Tulips go on the third place after the roses and chrysanthemums in terms of worldwide popularity. Tulips are graceful, elegant and amazing flowers. Over the centuries they captured and broke hearts. If they were not seen in Europe before the 16th century, today every gardener can afford to buy and cultivate them.
Spring is the season when Brussels glorifies the art of its horticulturists. Each year they prove their design skills and expertise to create unforgettable floral landscapes and gardens on the streets and in the parks of the city.
The art mastered by the horticulturists shows the benefits of neighbouring the Netherlands, a country which is famous for its traditional art, knowledge, expertise, and trade of growing plants.
The Netherlands also bears the nickname of “Country of tulips” even though they originated from Central Asia.
A short story of tulips
It is said that the Turks started to cultivate tulips around 1,000 AD. They consider the flower a symbol of love. The related legend says that a famous prince loved a maid who was accidentally killed. To honour her memory, the prince was galloping with his horse until he got hurt on a mountain sharp rock. A scarlet tulip, made up of his blood drops, sprang up on the rock.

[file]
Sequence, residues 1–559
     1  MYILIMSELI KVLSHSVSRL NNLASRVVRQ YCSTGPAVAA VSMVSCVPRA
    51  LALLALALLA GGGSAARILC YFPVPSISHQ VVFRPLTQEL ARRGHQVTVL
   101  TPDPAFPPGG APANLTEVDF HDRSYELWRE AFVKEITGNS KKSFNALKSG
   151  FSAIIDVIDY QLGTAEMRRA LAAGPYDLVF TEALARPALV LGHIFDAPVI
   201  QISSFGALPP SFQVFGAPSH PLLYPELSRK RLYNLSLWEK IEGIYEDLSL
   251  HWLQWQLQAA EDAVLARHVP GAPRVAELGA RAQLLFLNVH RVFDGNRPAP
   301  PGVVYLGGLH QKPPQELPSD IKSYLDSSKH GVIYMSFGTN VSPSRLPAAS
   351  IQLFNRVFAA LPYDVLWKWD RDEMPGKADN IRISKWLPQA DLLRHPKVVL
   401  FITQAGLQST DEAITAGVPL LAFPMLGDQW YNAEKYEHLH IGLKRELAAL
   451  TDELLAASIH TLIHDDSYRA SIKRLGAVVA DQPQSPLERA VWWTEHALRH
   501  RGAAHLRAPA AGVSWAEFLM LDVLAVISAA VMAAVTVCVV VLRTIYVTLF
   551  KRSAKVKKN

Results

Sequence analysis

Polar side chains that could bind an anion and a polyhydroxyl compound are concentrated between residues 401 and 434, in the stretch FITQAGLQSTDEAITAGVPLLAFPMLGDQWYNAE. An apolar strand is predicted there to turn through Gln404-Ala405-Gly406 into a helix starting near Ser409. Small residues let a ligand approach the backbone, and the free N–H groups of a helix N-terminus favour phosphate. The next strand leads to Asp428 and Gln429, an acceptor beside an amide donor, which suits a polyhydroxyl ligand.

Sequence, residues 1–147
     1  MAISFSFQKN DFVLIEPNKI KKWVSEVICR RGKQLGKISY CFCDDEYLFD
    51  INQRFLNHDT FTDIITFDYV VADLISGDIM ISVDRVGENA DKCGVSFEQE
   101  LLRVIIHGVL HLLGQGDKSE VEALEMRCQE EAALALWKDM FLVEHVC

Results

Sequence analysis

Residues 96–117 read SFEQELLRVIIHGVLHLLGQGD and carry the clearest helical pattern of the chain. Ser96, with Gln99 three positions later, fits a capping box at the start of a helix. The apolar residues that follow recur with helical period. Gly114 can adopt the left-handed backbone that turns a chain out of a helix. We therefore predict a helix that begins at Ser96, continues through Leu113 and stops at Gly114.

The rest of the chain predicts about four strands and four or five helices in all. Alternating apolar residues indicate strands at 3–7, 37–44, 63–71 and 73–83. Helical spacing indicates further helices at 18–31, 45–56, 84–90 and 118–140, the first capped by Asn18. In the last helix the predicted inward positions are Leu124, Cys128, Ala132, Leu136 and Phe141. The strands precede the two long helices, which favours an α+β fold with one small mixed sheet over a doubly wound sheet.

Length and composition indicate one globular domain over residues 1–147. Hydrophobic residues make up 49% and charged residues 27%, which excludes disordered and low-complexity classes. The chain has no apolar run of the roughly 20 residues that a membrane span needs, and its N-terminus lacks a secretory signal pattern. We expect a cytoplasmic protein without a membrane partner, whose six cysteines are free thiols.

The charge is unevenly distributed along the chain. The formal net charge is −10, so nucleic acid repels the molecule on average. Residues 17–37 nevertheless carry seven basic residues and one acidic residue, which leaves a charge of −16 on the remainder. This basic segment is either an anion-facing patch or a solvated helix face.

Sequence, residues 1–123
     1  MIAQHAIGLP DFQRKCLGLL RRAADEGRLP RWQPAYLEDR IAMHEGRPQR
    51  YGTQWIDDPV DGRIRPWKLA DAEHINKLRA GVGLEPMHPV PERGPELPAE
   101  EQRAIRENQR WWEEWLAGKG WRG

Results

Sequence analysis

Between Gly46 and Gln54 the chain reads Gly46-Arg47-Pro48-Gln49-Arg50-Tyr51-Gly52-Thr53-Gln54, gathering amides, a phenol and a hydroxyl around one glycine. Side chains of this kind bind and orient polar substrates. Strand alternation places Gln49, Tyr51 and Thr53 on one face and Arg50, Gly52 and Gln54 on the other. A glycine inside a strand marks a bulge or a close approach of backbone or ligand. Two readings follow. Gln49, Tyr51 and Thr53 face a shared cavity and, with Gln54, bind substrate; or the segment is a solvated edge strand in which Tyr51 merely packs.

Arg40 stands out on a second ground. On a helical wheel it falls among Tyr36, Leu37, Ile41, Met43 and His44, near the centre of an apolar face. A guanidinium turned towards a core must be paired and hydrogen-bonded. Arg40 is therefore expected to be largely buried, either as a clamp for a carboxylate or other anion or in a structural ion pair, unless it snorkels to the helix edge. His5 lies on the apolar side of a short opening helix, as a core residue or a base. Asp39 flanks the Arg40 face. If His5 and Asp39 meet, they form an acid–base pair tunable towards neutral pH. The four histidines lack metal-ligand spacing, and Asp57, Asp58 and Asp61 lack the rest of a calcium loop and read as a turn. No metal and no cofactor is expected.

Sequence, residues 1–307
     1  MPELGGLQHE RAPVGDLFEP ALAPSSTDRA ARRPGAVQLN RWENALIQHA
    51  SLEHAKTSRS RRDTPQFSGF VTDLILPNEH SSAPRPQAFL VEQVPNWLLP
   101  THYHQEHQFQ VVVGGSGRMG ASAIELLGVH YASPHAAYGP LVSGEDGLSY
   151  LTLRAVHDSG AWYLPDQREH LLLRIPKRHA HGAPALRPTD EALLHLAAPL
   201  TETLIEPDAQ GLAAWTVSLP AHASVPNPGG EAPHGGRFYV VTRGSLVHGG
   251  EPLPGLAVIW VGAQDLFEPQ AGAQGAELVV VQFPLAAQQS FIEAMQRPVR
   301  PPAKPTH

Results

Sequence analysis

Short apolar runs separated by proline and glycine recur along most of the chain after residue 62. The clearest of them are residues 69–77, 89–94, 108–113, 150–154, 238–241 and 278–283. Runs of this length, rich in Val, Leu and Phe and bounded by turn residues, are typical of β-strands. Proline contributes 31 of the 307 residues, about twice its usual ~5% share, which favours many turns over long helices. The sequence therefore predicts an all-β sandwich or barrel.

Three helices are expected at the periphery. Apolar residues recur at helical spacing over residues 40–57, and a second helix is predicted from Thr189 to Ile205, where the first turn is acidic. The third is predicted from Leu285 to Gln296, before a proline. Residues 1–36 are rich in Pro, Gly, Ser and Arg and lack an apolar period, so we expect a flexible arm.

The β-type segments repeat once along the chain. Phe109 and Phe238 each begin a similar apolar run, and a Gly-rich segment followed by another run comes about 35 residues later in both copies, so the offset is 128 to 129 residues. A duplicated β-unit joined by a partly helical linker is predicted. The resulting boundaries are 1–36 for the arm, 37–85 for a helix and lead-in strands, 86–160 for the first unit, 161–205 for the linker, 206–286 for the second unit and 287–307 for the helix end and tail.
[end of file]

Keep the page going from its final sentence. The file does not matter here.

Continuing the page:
Over the centuries the tulip got the status of Turkey’s national flower. The plant was adopted by the Dutch people starting with the 16th century.
Tulip-mania was a large scale phenomenon in the Netherlands shortly after the 16th century. Historians still look into the archives to see whether this happened for real or it was just a strategic marketing idea.
It was Carolus Clusius, a Dutch botanist, who introduced the first tulip bulbs from Turkey to the Netherlands. Clusius needed some time to secretly test and see whether the plants adapt to the new environment. Because he was hiding the plants during his tests people believed that the bulbs may value a lot of money. They started to steal bulbs from his garden. This was the moment when tulip-mania started and lasted many more years after. The bulbs even served as trading currency during that period of time.
Clusius came to the conclusion that the plants adapted perfectly to the climate. Therefore cultivating tulips became popular not only in the Netherlands, but also in other European and worldwide countries.
What we therefore admire today, the tulips as part of floral landscapes and gardens in Brussels, is an art which developed over the past five centuries.